You have two cows. You sell 3 of them to your publicly listed
company, using letters of credit opened by your brother-in-law at the bank.
Then you execute a debt/equity swap with an associated general offer so
that you get all 4 cows back, with a tax deduction for keeping 5 cows. The
milk rights of 6 cows are transferred via a Panamanian intermediary
to a Cayman Islandscompany secretly owned by the majority shareholder. He
sells the rights to all 7 cows' milk back to the listed company, and
proceeds from the sale are deferred. The annual report says that the
company owns 8 cows, with an option on one more. Meanwhile, you kill
the 2 cows because the feng shui is bad.


You have two cows. The one on the left looks very attractive.


You have two cows. Business seems pretty good. You close the office
and go for a few beers to celebrate.

Storage vendor

You purchased a new milking machine for high reliability and the expected growth of your milking operation which currently consists of two cows. The hardware vendor cancels software and hardware support for the milking machine and requires you to purchase new hardware and software. They tell you that the new software and hardware provides higher availability than the older versions did. When you install the hardware you notice that the only difference is the Bezel and the debt you have incurred. The day after your upgrade is complete the salesman stops by and tells you that the hardware has been superseded by a newer version and you need to upgrade. The salesman is driving a brand new BMW 700 series.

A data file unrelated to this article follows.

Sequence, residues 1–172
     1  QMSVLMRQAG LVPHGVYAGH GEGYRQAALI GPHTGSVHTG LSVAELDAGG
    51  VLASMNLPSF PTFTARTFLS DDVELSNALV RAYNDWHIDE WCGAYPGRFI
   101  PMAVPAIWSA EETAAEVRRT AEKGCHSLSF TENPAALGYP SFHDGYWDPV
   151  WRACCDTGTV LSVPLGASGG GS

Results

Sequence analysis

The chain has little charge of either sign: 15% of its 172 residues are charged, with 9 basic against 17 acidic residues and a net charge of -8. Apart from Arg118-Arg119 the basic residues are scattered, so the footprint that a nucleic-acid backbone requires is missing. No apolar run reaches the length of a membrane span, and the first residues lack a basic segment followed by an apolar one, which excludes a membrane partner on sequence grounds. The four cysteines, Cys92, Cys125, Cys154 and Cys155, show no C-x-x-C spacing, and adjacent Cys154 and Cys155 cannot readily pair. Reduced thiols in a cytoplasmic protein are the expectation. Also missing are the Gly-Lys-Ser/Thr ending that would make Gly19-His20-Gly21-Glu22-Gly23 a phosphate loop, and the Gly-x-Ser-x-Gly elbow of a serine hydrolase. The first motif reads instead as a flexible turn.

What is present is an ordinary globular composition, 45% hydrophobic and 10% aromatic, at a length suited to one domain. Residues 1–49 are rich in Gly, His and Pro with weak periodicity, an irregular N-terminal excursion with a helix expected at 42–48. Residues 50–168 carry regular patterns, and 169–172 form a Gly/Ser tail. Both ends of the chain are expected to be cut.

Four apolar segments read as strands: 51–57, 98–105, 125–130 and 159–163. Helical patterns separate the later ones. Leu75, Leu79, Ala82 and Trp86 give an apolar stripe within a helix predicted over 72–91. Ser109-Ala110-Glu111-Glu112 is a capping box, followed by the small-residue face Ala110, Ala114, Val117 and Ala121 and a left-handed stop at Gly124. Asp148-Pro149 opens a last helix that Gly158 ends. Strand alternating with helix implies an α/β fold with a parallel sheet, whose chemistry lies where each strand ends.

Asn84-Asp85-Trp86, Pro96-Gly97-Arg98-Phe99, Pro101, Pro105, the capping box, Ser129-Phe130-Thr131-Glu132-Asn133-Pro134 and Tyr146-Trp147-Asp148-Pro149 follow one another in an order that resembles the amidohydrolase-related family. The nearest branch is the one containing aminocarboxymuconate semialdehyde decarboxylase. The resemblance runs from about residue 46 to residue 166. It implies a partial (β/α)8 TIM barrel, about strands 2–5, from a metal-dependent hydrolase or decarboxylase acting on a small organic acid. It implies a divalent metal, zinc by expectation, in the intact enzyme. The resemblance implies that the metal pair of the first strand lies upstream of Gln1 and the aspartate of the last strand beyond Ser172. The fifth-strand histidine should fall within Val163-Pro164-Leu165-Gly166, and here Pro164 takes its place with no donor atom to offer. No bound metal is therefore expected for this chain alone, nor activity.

Monday, October 02, 2006

A purchase that makes sense.

Typcially - the news from Silly Con Valley storage companies makes little sense but this one seems to have some logic behind it. If HDS pulls it off, I think in a few years NetApp will see some serious competition.